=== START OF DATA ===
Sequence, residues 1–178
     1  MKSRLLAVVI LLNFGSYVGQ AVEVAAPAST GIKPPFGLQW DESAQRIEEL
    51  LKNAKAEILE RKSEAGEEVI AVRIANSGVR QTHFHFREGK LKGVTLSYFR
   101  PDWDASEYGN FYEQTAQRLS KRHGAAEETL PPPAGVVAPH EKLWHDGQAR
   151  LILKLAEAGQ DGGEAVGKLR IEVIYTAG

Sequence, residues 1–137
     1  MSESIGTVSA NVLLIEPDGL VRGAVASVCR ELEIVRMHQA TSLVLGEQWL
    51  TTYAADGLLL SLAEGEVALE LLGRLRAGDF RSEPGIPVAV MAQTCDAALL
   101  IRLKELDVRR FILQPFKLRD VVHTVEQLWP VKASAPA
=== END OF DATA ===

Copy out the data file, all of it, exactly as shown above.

Sequence, residues 1–178
     1  MKSRLLAVVI LLNFGSYVGQ AVEVAAPAST GIKPPFGLQW DESAQRIEEL
    51  LKNAKAEILE RKSEAGEEVI AVRIANSGVR QTHFHFREGK LKGVTLSYFR
   101  PDWDASEYGN FYEQTAQRLS KRHGAAEETL PPPAGVVAPH EKLWHDGQAR
   151  LILKLAEAGQ DGGEAVGKLR IEVIYTAG

Sequence, residues 1–137
     1  MSESIGTVSA NVLLIEPDGL VRGAVASVCR ELEIVRMHQA TSLVLGEQWL
    51  TTYAADGLLL SLAEGEVALE LLGRLRAGDF RSEPGIPVAV MAQTCDAALL
   101  IRLKELDVRR FILQPFKLRD VVHTVEQLWP VKASAPA